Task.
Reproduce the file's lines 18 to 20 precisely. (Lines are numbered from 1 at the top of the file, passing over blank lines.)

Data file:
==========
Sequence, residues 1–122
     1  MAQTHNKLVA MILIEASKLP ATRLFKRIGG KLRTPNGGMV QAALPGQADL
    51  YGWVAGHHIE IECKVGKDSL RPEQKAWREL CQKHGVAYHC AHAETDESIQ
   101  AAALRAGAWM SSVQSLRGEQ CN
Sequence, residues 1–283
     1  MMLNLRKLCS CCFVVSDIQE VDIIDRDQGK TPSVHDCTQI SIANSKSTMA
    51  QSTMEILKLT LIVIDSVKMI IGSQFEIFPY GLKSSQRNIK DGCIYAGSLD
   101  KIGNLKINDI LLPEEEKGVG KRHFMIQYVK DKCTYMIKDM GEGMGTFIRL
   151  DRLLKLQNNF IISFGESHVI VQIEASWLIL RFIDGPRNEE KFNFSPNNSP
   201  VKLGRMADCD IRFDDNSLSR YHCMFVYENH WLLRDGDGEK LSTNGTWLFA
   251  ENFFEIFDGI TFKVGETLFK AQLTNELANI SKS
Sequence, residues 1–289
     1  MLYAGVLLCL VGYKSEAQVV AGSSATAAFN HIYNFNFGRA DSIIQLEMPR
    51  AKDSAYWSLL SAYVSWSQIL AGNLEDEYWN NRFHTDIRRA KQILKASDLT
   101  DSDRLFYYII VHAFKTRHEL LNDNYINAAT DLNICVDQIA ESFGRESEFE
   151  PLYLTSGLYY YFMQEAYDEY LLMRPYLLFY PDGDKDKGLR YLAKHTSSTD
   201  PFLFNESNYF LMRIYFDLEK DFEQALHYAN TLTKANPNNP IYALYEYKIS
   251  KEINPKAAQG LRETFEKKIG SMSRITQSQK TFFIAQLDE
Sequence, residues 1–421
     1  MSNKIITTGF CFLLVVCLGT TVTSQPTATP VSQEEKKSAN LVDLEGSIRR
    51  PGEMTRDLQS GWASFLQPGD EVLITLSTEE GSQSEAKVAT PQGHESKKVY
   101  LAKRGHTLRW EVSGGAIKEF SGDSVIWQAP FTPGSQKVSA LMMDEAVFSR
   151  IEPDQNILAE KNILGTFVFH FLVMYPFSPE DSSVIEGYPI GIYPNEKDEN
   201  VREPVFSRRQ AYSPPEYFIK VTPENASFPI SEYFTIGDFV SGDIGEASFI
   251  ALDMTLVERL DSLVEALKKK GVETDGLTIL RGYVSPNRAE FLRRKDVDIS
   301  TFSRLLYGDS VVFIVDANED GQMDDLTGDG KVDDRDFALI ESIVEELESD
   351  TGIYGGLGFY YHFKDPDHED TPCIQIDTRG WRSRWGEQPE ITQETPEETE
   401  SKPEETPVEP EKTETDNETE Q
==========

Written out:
   251  KEINPKAAQG LRETFEKKIG SMSRITQSQK TFFIAQLDE
Sequence, residues 1–421
     1  MSNKIITTGF CFLLVVCLGT TVTSQPTATP VSQEEKKSAN LVDLEGSIRR